Organic Systems and Clans

Burns and Stalker (1961) studied firms in England and noticed two types of management style -- mechanistic and organic. Mechanistic styles were found in more stable environments -- managers broke down tasks into specialisms with precise job descriptions and hierarchical interaction with management. Organic systems were used in unstable systems -- in this situation workers had to perform their job in "light of their knowledge of the tasks of the firm as a whole". Job roles are redefined continuously through interaction with co-workers. Communication occurs laterally than through hierarchical structures.

Ouichi (1981) defines this as a clan system. Paralleling Williamson's transaction cost explanation that organizations form when transaction costs are too high, clans replace hierarchies when transactions reach levels of extreme complexity and uncertainty. The clans are not necessarily kinship based but created with commmon internalized goals and strong feelings of solidarity.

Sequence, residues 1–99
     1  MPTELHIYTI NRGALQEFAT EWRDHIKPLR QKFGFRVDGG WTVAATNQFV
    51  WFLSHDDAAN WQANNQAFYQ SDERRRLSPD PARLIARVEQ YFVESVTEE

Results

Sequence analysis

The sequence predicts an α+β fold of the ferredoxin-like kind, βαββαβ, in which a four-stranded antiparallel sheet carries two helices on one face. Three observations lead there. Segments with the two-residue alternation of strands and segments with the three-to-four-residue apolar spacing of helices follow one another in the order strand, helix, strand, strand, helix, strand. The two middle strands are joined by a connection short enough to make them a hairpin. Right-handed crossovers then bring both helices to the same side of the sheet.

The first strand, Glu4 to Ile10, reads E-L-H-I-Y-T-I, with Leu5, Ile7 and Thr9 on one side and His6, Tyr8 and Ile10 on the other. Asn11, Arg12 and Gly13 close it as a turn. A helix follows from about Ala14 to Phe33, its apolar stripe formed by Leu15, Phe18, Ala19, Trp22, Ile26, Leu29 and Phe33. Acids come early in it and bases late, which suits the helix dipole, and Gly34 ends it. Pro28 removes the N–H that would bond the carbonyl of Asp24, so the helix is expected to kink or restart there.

The clan system emphasizes long-term employment, which allows for a different type of control system. The employee links their career prospects with the success of the company (like in Japanese companies). These are conditions for the development of elaborate internal labor markets.